Homeowners’ liability for electric fence injuries

electric fence
15 Dec 2022

Electric fencing is not designed to be lethal, but it can cause significant injuries. With the abundance of electric fencing in South Africa, accidental injuries are quite common.

In some cases, the owner of the property can be held liable if someone gets hurt by their electric fencing if it’s improperly installed or operated.

In this article, we look at:

  • the risks posed by electric fencing
  • who is liable for electric fence injuries?
  • electric fencing requirements for homeowners
  • personal injury claims related to electric fences.

Risks posed by electric fencing

Electric fencing creates intermittent electronic pulses of up to 10,000 volts. The system is not lethal because the electricity turns on and off every second.

However, it can deliver a significant shock, especially if someone becomes entangled in it.

Children and people with heart issues or pacemakers are particularly at risk of injury if they’re subjected to continuous electric shocks.

Who is liable for electric fence injuries in South Africa?

Homeowners who do not have a Certificate of Compliance from a qualified electric fence installer can be held civilly and criminally liable if someone is injured by their electric fence.

According to the Electrical Machinery Regulations of 2011, electric fencing that’s not installed following the Electricity Security Installations Regulations is considered illegal.

A home with electric fencing can’t be sold without a compliance certificate to ensure buyers don’t unknowingly buy a house with noncompliant fencing.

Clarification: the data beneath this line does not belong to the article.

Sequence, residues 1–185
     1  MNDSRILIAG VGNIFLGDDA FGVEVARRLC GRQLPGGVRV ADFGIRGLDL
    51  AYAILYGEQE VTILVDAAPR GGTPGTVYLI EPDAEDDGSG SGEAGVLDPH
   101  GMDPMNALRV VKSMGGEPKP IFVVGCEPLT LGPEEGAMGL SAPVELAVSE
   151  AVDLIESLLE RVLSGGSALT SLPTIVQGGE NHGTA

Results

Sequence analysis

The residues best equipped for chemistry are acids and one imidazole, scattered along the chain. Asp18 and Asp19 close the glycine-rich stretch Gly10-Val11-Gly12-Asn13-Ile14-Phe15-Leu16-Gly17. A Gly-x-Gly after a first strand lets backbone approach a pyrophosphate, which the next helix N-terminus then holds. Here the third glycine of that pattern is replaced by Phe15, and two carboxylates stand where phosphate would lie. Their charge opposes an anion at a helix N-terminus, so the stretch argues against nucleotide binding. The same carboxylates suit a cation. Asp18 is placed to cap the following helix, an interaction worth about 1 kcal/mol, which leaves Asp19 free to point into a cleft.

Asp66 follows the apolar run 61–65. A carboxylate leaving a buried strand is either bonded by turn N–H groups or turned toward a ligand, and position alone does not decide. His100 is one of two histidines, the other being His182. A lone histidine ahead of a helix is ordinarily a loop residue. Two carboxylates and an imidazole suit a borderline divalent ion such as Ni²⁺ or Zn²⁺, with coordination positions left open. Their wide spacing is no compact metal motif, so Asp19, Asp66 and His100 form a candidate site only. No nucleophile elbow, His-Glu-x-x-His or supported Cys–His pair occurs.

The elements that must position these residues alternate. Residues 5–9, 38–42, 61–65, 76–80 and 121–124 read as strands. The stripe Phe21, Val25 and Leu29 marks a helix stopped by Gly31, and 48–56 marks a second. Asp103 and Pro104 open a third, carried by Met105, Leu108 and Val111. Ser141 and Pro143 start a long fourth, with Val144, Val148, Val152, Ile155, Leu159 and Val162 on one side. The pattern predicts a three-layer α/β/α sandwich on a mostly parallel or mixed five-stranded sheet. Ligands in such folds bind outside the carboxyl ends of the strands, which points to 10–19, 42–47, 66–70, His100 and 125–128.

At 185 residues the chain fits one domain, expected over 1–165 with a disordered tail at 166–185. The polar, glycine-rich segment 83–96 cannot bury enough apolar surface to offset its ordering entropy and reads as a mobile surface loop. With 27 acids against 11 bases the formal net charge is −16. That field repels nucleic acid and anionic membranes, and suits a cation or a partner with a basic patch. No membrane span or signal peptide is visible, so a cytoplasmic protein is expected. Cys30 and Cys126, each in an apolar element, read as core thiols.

Electric fencing requirements that homeowners must meet

To ensure safety and prevent injuries, homeowners must comply with the Electricity Security Installations Regulations. Homeowners who don’t comply can face hefty fines or even jail time.

These regulations include:

  • The wall the electric fencing is installed on must be at least 1.5 metres high.
  • If the fence brackets are angled, the maximum outward angle is 45 degrees and it must be installed on the inside of the wall.
  • Homeowners need their neighbour’s permission if the brackets angle into their property.
  • The fencing must be installed and operated in a way that won’t be a hazard to people or animals.
  • The maximum distance between posts for electric fencing is three metres.
  • A minimum of three earth spikes must be installed for every 30 metres of fencing.
  • It’s prohibited to electrify barbed or razor wire fencing.
  • Yellow warning signs must be installed at all gates and access points.
  • Gates with electric fencing must open and close without any risk of electrocution.

Personal injury claims for electric fence injuries

If someone is injured by electric fencing that’s improperly installed or operated, he or she can claim compensation from the homeowner.

Depending on the severity of the injury, he or she can claim compensation for current and future medical costs, loss of income and even general damages.

DSC Attorneys is a specialised personal injury law firm in Cape Town with extensive expertise with personal injury claims including those involving electric fence injuries.

If you think you might have a claim, you can contact them on 0861 465 879 to schedule a free first consultation.

See also:

(This article is provided for informational purposes only and not for the purpose of providing legal advice. For more information on the topic, please contact the author/s or the relevant provider.)
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